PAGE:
Andy Warhol once was avantgarde and he still is. He seems to be one of the first well known artists to defend the concept of artwork as a common good.
In his last Interview Andy Warhol is asked by Paul Taylor, if he had a problem with copyright infringement. The question concerns Warhol´s John Wayne pictures, that belong to a series of ten prints called: “The Cowboys and Indians” (1986). Warhol portrayed figures like John Wayne and Teddy Roosevelt as “Cowboys” to depict them as male American heroes.
Andy Warhol I don´t get mad when people take my things.
You don´t do anything about it?
No. It got a little crazy when people were turning out paintings and signing my name.
What did you think about that?
Signing my name to it was wrong but other than that I don´t care.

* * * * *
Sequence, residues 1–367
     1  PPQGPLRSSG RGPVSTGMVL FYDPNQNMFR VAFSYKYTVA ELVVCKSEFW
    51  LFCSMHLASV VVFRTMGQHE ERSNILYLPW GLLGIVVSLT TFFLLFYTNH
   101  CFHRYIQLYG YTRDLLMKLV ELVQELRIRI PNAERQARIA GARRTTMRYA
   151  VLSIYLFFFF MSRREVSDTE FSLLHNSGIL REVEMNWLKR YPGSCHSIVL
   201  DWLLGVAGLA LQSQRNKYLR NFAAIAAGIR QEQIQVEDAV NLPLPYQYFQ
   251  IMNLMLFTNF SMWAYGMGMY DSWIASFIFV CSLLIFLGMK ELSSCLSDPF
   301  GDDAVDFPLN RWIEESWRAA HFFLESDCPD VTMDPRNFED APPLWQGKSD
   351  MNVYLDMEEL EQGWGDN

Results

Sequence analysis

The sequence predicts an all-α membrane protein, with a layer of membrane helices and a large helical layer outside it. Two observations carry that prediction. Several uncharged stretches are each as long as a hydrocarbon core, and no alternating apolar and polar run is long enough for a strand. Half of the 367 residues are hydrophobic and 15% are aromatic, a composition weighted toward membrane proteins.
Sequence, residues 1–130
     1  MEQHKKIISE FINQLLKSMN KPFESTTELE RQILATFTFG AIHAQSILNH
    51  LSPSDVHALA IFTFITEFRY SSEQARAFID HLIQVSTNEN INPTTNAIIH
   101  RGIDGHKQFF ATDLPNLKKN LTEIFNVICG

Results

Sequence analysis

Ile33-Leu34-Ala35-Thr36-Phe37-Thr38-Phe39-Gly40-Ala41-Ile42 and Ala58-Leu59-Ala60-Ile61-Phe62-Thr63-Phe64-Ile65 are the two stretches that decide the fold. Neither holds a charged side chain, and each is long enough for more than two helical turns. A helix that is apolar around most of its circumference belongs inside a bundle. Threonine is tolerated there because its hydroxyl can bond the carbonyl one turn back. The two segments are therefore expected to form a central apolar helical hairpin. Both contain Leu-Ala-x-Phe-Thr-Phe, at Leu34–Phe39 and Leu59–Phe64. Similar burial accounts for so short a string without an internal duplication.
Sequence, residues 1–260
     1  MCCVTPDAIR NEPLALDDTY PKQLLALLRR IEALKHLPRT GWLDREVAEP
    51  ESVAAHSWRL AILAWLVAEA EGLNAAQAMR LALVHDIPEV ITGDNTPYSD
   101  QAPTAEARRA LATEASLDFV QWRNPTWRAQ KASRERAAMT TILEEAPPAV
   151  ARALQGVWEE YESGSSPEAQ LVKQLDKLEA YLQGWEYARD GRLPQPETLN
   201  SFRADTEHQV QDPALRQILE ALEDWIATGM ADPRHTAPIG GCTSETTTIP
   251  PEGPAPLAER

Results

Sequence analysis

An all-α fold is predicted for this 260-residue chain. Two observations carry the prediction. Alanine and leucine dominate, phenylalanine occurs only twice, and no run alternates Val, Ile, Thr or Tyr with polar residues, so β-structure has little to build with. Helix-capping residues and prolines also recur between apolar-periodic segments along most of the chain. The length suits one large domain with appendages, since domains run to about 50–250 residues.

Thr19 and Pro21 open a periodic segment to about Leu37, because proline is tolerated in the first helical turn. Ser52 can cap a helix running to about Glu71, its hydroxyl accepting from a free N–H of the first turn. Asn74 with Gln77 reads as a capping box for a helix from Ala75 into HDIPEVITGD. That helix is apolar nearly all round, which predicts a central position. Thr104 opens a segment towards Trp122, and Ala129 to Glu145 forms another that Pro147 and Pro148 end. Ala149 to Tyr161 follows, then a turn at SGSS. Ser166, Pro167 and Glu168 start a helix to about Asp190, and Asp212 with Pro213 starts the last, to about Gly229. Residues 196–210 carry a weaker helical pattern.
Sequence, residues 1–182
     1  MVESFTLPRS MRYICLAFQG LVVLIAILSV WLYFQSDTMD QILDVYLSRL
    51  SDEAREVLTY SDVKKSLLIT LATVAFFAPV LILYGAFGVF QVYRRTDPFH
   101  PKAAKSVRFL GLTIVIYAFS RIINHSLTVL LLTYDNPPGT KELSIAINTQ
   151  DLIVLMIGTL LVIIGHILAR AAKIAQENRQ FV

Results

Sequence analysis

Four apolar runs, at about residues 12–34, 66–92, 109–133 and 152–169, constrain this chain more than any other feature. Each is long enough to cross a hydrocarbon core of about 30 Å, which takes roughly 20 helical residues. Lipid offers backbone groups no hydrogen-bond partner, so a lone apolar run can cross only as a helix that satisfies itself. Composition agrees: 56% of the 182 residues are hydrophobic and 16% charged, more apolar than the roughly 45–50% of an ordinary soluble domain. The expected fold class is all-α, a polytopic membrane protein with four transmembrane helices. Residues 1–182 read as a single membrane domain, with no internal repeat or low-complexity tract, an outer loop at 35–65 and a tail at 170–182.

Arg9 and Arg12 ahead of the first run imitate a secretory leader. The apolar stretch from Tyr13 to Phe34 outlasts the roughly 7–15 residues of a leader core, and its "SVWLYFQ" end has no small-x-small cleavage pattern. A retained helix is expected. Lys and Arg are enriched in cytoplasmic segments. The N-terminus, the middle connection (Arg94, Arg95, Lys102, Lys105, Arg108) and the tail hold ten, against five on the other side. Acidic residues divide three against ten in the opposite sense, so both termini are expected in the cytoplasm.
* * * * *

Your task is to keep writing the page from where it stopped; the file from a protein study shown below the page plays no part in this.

… If indeed anyone can manufacture (a picture), the whole idea of the artist gets lost somewhere in the process.
Is that good or bad?
Well, first of all, do you agree with me?
Andy Warhol produced copies of pictures (Campbell´s Soup Cans, press clippings etc.) and copies of his copies. Consequentially he didn´t blame people who copy his copies. He only had a problem with people that copied his (original) name. It still needs to be clarified, what is so original about the name of a person – artist´s, copyist´s or anyone´s.
Interview printed in:
Kenneth Goldsmith (Ed.): I´ll be your mirror: The selected Andy Warhol Interviews (2004)
See also: New York Review of Books 4-7-2011.
(Images shown here are copied from the net/Andy Warhol)